2. Duration of zoom meetings and a histogram of its duration - This can suggest how long are meetings going, how much time an individual is spending on meetings.
  3. Are meetings getting extended from their scheduled time - Can help executives figure out if time in meetings are being utilised well. Zoom meeting etiquettes training can be introduced to check that.
  4. Single Sign On systems like Okta can tell which apps are people using most. This could help executives detect which SaaS tools are actually being used and which are lying idle. This can help rationalise their SaaS spending.
  5. Integrating with VPNs can also tell number of people logged in via VPN, location from where they are logging in, etc.

Splunk Remote Insights - Dashboard Now, Splunk had to face lots of flak because of this. People got enraged that this is a corporations trying to extract work from their employee, that too when everybody is struggling on their own. But if you look carefully, I am not sure that is the objective. They are not trying to monitor if people are doing their jobs. They are just trying to figure out if people have enough access to do the work, are they facing any difficulties, etc.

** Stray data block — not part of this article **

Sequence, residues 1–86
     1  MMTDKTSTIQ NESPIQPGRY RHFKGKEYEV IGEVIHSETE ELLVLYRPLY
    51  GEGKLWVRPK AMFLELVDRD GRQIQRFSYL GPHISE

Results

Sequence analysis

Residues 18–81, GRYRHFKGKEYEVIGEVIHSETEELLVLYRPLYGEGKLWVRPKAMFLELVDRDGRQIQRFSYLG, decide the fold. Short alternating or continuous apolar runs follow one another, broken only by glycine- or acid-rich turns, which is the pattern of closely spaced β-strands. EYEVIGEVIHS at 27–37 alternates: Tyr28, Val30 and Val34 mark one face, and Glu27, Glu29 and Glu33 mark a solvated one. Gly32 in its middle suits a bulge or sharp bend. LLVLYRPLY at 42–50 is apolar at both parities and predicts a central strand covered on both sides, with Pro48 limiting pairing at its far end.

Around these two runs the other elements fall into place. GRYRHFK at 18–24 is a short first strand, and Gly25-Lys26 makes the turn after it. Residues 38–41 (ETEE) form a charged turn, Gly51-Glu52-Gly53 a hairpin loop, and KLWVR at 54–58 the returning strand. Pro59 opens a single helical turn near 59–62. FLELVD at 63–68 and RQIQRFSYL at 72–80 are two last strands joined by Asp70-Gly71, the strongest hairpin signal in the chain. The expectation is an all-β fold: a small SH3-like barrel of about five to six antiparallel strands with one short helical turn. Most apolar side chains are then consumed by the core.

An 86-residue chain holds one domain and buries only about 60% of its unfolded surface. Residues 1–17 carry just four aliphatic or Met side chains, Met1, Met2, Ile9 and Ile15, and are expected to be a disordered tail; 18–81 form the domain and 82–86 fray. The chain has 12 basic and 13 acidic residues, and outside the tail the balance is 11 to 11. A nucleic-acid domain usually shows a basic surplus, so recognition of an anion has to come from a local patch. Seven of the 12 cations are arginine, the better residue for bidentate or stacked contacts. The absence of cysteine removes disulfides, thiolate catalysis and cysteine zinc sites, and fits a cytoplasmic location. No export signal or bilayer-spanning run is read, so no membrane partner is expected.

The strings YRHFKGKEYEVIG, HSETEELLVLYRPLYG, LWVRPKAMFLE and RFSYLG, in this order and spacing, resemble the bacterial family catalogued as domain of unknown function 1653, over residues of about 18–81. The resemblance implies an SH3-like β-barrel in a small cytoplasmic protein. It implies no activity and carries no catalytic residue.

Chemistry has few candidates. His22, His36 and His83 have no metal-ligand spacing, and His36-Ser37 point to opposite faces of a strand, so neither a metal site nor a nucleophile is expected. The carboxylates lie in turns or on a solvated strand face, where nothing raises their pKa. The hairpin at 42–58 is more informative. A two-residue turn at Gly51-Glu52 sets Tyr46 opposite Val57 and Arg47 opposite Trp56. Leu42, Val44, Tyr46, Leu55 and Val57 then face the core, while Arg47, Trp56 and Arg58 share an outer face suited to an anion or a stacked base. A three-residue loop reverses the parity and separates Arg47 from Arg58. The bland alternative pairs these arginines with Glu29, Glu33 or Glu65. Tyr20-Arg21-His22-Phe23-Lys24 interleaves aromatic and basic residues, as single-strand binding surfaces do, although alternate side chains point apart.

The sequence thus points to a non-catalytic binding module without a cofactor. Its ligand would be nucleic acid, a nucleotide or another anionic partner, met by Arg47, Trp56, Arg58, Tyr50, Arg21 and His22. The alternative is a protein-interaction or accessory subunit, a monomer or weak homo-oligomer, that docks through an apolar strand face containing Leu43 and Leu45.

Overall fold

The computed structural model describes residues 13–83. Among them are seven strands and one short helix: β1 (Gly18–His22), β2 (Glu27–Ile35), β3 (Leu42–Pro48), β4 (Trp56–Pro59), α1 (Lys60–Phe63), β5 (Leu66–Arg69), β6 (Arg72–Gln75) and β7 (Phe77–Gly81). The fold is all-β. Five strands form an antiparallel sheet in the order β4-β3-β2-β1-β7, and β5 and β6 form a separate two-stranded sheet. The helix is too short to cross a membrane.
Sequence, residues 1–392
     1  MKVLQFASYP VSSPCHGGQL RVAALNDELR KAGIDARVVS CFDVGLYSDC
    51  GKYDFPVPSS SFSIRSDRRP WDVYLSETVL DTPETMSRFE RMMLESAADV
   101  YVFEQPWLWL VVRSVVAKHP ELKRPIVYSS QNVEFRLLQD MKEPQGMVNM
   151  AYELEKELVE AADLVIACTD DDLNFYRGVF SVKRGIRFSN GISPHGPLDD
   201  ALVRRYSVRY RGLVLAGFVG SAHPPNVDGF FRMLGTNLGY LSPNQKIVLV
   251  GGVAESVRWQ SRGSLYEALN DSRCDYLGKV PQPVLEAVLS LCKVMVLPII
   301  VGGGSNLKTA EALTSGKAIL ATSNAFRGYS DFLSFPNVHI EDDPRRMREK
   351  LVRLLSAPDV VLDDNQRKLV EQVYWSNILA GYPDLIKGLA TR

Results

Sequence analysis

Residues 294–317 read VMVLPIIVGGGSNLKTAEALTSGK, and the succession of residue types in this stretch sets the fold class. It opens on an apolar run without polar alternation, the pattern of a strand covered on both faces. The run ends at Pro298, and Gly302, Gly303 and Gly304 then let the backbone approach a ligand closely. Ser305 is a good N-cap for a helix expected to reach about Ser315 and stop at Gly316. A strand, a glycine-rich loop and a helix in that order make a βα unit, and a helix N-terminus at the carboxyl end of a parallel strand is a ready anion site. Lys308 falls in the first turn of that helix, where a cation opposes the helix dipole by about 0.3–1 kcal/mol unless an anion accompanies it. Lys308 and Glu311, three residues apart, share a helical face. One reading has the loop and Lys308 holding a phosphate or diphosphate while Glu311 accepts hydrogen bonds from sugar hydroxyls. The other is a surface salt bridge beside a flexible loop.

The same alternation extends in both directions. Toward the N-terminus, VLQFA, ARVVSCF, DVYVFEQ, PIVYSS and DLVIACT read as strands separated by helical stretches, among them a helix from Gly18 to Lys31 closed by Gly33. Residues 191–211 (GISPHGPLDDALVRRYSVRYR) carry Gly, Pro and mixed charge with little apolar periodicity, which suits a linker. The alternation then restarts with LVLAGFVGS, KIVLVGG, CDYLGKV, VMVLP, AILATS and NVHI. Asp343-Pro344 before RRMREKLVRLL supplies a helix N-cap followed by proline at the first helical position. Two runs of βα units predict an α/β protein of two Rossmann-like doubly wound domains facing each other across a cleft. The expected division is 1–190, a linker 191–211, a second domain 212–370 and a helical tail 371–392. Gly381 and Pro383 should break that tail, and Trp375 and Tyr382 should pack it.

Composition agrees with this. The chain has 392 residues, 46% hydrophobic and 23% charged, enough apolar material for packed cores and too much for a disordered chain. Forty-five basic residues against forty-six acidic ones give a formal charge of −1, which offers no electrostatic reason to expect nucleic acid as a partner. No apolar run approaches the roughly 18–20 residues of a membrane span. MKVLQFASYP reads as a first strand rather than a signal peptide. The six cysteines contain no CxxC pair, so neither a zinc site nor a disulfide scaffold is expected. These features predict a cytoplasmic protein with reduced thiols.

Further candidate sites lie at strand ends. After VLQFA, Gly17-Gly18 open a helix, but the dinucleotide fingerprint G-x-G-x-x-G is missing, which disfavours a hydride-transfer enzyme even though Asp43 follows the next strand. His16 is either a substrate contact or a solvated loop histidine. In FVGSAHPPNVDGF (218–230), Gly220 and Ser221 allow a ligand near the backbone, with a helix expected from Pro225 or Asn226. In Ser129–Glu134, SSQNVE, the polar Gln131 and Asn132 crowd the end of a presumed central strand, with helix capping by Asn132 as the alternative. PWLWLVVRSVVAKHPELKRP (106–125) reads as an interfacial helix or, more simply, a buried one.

It is very similar to how you monitor an app or service. Remote working tools like Zoom, VPNs, etc. are providing a service. How do we figure out if they are working well for the employees? If certain location shows high number of failures in VPN logging, there might be some issue with the VPN provider or network of that area. If people are spending too much time on meetings, then there needs to be some sort of training to be more productive over Zoom.

Since, this is a new experience for many teams, monitoring the tools more closely only helps to figure out issues and solve it.

This is what I call "Tools Observability" and we get more remote friendly, this will get more important.

Β· 2 min read